How to: Create Primary Keys
Define a primary key to enforce uniqueness for values entered in specified columns that do not allow nulls. If you define a primary key for a table in your database, you can relate that table to other tables, thus reducing the need for redundant data. A table can have only one primary key.
A new version of Table Designer appears for databases in the SQL Server 2012 format. This topic describes the old version of Table Designer, which you use with databases in earlier formats of SQL Server.
In the new version, you can change a table definition through a graphical interface or directly in a script pane. If you use the graphical interface, the table’s definition is automatically updated in the script pane. To apply the SQL code in the script pane, choose the Update button. For more information about the new version, see How to: Create Database Objects Using Table Designer.
Some databases have different rules for primary key constraints. Consult your database documentation for details about how your database works with primary key constraints.
Your computer might show different names or locations for some of the Visual Studio user interface elements in the following instructions. The Visual Studio edition that you have and the settings that you use determine these elements. For more information, see Customizing Development Settings.
To create a primary key
In Table Designer, click the row selector for the database column you want to define as the primary key. If you want to select multiple columns, hold down the CTRL key while you click the row selectors for the other columns.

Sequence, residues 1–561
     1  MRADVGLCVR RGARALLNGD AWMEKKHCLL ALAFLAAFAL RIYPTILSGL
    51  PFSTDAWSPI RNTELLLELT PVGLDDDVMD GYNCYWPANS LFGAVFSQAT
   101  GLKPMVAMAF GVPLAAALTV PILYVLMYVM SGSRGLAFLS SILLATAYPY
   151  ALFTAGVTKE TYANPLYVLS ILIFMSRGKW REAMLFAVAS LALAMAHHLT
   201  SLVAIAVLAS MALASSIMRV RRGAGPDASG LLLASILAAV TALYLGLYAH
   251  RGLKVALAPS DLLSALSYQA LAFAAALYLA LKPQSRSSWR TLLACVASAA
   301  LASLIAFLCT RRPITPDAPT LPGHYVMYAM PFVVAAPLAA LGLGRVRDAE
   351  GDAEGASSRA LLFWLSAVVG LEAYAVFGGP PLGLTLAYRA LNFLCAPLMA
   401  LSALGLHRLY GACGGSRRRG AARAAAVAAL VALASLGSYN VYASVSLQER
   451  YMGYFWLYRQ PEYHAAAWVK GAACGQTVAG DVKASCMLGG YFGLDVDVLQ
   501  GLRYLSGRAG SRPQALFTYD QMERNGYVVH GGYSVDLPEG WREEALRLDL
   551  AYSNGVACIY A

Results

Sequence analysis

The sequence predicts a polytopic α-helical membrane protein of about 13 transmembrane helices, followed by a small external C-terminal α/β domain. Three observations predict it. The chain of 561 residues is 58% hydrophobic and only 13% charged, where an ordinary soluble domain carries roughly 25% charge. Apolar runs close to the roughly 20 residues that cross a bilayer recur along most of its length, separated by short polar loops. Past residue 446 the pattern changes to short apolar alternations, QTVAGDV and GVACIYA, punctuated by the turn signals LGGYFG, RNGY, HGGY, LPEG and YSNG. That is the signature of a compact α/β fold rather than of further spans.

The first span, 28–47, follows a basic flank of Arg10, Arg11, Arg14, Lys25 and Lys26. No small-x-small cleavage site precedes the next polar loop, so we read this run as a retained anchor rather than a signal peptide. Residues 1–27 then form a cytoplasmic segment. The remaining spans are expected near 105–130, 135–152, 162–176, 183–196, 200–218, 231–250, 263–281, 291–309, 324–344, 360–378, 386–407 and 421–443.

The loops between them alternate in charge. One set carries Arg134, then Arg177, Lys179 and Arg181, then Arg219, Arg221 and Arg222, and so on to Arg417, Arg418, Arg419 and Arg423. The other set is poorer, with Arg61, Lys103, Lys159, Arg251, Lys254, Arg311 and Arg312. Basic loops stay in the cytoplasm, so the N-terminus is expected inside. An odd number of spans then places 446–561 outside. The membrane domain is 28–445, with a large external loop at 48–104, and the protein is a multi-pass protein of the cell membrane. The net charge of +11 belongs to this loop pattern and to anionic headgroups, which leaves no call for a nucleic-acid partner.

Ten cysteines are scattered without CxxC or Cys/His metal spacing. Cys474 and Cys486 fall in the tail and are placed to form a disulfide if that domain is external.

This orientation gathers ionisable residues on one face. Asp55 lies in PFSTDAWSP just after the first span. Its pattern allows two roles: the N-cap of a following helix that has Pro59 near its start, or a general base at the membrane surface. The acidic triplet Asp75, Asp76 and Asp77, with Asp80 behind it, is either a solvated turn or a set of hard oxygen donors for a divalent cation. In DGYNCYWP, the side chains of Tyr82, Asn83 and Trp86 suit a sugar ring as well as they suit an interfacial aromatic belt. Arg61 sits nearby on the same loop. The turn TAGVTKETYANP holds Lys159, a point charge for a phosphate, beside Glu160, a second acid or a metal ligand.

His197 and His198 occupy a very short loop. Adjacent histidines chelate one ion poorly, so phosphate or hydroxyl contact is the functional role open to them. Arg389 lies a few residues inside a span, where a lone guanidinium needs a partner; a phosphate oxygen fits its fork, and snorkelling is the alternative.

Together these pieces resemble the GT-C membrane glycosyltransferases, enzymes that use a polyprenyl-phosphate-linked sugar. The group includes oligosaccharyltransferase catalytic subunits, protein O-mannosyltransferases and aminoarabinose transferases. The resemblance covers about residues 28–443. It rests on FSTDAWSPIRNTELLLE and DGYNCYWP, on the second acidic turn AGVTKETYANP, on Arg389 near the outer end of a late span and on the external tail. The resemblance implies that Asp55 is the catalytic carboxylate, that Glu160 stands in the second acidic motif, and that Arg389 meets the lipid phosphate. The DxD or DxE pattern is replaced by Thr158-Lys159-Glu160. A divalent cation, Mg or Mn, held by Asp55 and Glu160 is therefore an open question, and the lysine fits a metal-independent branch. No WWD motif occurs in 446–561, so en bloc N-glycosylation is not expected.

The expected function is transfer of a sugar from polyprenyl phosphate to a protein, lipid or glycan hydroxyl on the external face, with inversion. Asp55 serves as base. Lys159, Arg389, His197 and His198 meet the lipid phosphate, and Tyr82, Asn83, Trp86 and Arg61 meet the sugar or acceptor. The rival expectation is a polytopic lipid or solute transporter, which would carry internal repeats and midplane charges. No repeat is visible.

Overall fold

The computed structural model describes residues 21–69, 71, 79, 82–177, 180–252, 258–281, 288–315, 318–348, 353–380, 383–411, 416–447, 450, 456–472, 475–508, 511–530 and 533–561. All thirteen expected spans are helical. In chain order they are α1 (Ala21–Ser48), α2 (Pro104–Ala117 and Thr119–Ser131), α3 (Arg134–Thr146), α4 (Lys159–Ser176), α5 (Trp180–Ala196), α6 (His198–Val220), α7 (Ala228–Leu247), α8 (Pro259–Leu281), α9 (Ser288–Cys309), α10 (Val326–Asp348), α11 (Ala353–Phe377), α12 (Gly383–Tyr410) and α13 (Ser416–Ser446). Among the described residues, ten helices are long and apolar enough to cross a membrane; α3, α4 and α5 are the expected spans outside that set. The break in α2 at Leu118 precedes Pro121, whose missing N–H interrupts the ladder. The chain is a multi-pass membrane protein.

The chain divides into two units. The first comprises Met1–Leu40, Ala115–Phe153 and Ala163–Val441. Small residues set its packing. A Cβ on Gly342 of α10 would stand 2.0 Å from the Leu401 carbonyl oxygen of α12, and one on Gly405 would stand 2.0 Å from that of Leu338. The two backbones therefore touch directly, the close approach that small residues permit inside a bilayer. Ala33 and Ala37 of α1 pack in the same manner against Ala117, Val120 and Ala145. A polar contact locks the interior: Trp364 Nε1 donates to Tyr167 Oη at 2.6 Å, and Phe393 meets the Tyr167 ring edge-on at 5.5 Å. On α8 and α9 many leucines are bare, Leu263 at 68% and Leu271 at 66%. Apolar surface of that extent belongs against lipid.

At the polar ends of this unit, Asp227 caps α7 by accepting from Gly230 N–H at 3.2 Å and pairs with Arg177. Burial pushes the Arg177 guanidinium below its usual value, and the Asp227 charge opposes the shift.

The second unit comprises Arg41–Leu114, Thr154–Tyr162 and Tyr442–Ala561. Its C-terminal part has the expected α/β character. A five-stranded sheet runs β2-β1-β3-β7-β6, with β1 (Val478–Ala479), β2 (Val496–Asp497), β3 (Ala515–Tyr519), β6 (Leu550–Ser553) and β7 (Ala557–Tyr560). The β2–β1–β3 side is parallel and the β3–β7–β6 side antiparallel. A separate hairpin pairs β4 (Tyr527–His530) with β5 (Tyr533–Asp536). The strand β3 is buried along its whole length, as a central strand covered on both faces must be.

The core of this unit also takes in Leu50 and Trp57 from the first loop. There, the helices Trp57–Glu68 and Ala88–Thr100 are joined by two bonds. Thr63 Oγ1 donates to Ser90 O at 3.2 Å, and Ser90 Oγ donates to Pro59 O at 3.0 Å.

Right-click the row selector for the column and select Set Primary Key. A primary key index, named "PK_" followed by the table name, is automatically created; you can find it on the Indexes/Keys dialog box.
If you want to redefine the primary key, any relationships to the existing primary key must be deleted before the new primary key can be created. A message will warn you that existing relationships will be automatically deleted as part of this process.
A primary key column is identified by a primary key symbol in its row selector.
If a primary key consists of more than one column, duplicate values are allowed in one column, but each combination of values from all the columns in the primary key must be unique.
If you define a compound key, the order of columns in the primary key matches the order of columns as shown in the table in your diagram. However, you can change the order of columns after the primary key is created. For more information, see How to: Modify Primary Keys.